A bad credit rating is a negative assessment of your finances by a credit reference agency based on your history of borrowing (or lack of it). If your credit score drops too low, your financial options will shrink. The good news is that a credit rating isn’t fixed – it changes in response to how you manage your finances. That means by showing you can be relied on to pay back what you’ve borrowed over a long period, credit reference agencies will turn your bad credit rating into a good one.
A bad credit rating can result in lenders offering you cards with higher interest rates, giving tighter credit limits or even turning your credit applications down. Don't be surprised if lenders don't offer you the interest rates that they advertise. Many will base the decision of what rate to give you on the likelihood that you won't pay back the credit on time.
It can be frustrating when a mysterious number prevents you from investing in the important things in life, whether it’s an ideal home, a new car, or just a better credit card. If you’ve recently struggled to get credit, it might mean your credit rating has room for improvement. The first step to boosting your score is knowing how to do a credit rating check.
Your credit rating is totted up by credit reference agencies. The three biggest in the UK are Experian, Equifax, and Callcredit. Whenever you require credit, companies will look to one of these agencies to assess the financial risk of lending to you.
Your credit rating is based on your credit score, which takes into account your credit history. If your credit score falls within the following ranges, it will be ranked as either ‘very poor’ or ‘poor’, which means your borrowing options will be limited.
You can access your credit history on the credit reference agencies’ websites for a small one-off fee. But to see your credit score, you may need to pay a monthly fee (30-day free trials are often available). For more information, read our guide on how to check your credit score. The Experian Credit Report will provide your personal credit history from the last six years.
If you’d like to give your credit rating a lift, you can begin by using the below steps. The more you can tick off the list, the better chance you have of moving those all-important numbers in the right direction.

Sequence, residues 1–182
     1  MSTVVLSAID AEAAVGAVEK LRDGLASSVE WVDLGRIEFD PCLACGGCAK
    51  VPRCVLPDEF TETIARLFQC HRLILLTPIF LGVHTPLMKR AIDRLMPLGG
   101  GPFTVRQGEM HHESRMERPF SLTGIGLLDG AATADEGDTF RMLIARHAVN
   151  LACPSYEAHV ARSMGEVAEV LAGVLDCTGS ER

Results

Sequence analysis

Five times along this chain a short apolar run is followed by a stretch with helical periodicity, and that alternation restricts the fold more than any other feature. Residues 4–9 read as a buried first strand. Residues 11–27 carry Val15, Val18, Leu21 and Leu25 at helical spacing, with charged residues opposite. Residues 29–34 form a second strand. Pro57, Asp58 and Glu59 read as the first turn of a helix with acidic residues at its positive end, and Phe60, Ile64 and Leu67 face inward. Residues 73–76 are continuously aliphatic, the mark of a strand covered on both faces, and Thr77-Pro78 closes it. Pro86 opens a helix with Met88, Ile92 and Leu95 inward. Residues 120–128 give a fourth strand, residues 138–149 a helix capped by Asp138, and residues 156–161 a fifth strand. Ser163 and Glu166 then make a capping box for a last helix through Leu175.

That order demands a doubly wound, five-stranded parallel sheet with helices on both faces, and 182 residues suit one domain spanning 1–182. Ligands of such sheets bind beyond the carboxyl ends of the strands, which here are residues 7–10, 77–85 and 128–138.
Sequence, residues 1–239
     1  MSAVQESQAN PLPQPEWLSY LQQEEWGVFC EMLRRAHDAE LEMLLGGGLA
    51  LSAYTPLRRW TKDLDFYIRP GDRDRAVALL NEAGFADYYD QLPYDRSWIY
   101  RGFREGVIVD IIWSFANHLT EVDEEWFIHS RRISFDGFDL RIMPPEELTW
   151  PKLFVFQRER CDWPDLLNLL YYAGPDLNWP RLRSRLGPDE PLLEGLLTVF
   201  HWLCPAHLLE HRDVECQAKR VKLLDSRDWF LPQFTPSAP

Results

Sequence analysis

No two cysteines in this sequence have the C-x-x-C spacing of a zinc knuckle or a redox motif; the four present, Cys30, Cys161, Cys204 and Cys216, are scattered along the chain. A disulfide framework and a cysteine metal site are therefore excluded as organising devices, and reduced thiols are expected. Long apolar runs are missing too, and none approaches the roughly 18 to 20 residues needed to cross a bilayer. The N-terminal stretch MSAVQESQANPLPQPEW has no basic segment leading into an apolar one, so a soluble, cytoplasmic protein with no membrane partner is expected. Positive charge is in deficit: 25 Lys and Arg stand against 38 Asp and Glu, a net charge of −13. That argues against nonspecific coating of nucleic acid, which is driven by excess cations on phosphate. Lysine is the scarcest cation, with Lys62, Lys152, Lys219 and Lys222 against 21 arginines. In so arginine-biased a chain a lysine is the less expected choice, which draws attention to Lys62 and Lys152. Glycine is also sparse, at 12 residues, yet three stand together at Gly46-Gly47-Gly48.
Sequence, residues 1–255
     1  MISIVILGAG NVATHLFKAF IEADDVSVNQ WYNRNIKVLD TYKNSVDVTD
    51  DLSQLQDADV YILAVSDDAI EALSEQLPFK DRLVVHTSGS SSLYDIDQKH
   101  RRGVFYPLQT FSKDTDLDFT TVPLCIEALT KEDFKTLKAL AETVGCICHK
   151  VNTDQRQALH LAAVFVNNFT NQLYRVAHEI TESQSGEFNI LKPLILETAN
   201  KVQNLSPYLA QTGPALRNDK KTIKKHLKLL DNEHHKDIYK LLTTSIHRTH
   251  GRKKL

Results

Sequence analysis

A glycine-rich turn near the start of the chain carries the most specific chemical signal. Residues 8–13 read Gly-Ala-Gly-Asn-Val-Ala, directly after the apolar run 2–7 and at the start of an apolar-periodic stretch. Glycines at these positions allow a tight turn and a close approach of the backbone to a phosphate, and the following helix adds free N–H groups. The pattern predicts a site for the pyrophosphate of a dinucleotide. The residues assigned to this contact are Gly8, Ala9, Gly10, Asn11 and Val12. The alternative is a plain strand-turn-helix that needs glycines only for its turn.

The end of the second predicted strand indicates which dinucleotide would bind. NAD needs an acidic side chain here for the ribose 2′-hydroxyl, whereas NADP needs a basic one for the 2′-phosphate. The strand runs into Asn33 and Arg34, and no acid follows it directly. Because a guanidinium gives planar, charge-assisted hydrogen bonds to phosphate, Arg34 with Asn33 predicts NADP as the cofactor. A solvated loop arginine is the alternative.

You could also try our Credit Builder tool to get simple and personalised hints and tips just for you.
If you have no history of borrowing money, you’ll need to get started by establishing a credit record. Just as you’d only lend your car to someone you’re sure can drive, lenders feel more comfortable when they know a borrower has repaid money in the past. One proven way to show you’re reliable is by finding a credit card that suits your needs. Don’t worry, comparing cards won’t affect your credit rating unless you proceed through to an application.
It’s crucial to pay your debts on time every month. One missed payment could affect your credit rating into the future. If you’re struggling to keep up with your repayments, check out our article How can I manage my credit repayments?
Registering to vote usually only takes a few minutes. Credit reference agencies will look at the electoral register to check that you live at the address you’ve provided. If the addresses don’t tally, this will affect your credit rating.
It’s a good idea to check your credit history on one of the credit reference agency websites at least once a year. That way you can be sure that any mistakes are quickly corrected and are not affecting your credit score. If you do notice a mistake, don’t hesitate to flag it with the credit reference agency and ask for confirmation that it’s been fixed.
If you find out your credit score could do with a boost, check out our tips on how to improve it.
If you're a private tenant the good news is that you can now build up your credit score by paying your rent on time through a scheme called the Rental Exchange. Each prompt payment will be added to your credit history.
If you’ve recently been refused credit, it’s generally unwise to make a separate application without devoting some time to improving your credit rating. This is because lenders may see multiple applications as a sign you’re in financial trouble. Something you can do without affecting your score is use an online eligibility checker to see if you’re likely to be accepted for a new card. There are several to choose from, including Barclaycard eligibility checker.
If you’re close to your credit limits across multiple balances, your credit score will be affected. This acts as a red flag to credit reference agencies that your finances are in danger of spinning out of control. To reassure the agencies you have everything in hand, try to keep your balances as low as possible.
Having a bad credit rating due to unpaid bills is one thing, but you might lack a good credit rating simply because you’ve never borrowed before. One way to build a credit rating from the ground up is to apply for a credit card specifically designed for that purpose. The Barclaycard Forward card gives to the chance to write the first page of your credit history by paying off as much of your balance as you can afford on time each month. Over time, your rating will get better and better.
Applications for this card are subject to status and terms and conditions apply.
You may be offered a different credit limit, representative APR, purchase rate or promotional Balance Transfer period to any shown here as it depends on your individual circumstances. Subject to status.
The tips in this article should put you on the path towards a healthy credit rating. But for more inspiration, check out more of our tips on improving your credit score.